reply to post by OccamAssassin
A magnet aligned in a magnetic field will still gradually get weaker over time. The magnitude of the magnetic field will increase though when a
magnet is added to an existing field/magnet. Note too that in a literal sense, there is no such thing as a permanent magnet. Even rare earth magnets
have a limited life and that life can be consumed ....just like a battery.
Perhaps we are getting into semantics, but it sounds like you are totally contradicting yourself. A magnet aligned positively with an outside magnetic
field has its own magnetic field stabilized, and thus will not degrade over time. In the absence of an external magnetic field, you are correct that
the magnetic field will slowly deteriorate over time, and an external negative (oppositely polarized) field will hasten this degradation.
The unique part of this is that the applied positively-aligned magnetic field can actually be induced by the magnet itself. This is what happens when
'keepers' are used to preserve the field strength of horseshoe magnets: the magnet induces a positive magnetic field in the iron keeper, which then
serves to stabilize the magnetic field in the magnet and keep it from degrading.
This is true (and it disproves your hypothesis that magnets somehow violate any of the laws of conservation) though it must be addressed that
as the magnet influences the ferromagnetic substance, the magnet will get proportionately weaker.
Untrue. A ferromagnetic substance in a magnetic field will actually intensify the field by its very presence, as well as concentrate it. That is the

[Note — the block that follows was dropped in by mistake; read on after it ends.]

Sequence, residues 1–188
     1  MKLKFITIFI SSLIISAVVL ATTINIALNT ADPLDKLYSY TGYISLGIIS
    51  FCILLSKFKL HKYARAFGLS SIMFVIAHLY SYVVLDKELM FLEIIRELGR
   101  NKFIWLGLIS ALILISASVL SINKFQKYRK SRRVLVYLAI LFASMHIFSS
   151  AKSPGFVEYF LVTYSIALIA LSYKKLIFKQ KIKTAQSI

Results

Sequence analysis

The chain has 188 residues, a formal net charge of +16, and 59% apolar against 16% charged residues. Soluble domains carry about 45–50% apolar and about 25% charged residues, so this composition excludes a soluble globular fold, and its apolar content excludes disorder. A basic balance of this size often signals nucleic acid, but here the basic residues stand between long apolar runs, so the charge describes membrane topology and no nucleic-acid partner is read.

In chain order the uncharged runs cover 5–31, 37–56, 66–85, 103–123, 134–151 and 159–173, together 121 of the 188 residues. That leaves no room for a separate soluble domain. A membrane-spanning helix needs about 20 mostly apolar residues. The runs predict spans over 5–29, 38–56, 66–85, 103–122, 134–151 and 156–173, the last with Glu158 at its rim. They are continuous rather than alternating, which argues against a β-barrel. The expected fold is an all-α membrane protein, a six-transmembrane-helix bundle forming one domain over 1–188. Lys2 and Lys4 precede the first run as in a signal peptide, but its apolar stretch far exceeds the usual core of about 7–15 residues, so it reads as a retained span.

science behind the transformer, the electromagnet, and the solenoid.
It doesn't discharge particles as such....it radiates a magnetic field. As with anything that radiates.....It has a limited life.
Again, perhaps semantics, but 'radiates' implies a discharge of some sort. A magnet establishes a field rather than radiates it, as there is nothing
we can detect that is radiated. We are not even sure what this field is, as the only way we can detect it is via force applied to
magnetically-susceptible objects in that field.
It also does not follow that the existence of a field decreases the ability of the source of that field to continue production of the field. Electrons
do not 'wear out', yet they produce an electrostatic field continuously.
If the industrial community worked on that philosophy, nothing would get done.
And if the scientific field worked without that principle, we would still be living in caves eating deer cooked over a fire we managed to find after a
Every major invention has used a prototype to prove its worth in real life. Any designer worth his salt can create something fantastic and have it
work on paper in theory, but be unable to produce a prototype or finished product. The recent move toward prototype-less production is one of the most
dangerous developments in industry I have seen to date; why do you think we had Toyotas with sticking fuel pedals?
I look at theory, yes. But as long as I cannot prove to myself that it cannot work, it follows that there is a possibility it will. As long as there
is a possibility, it becomes worth thinking about a prototype.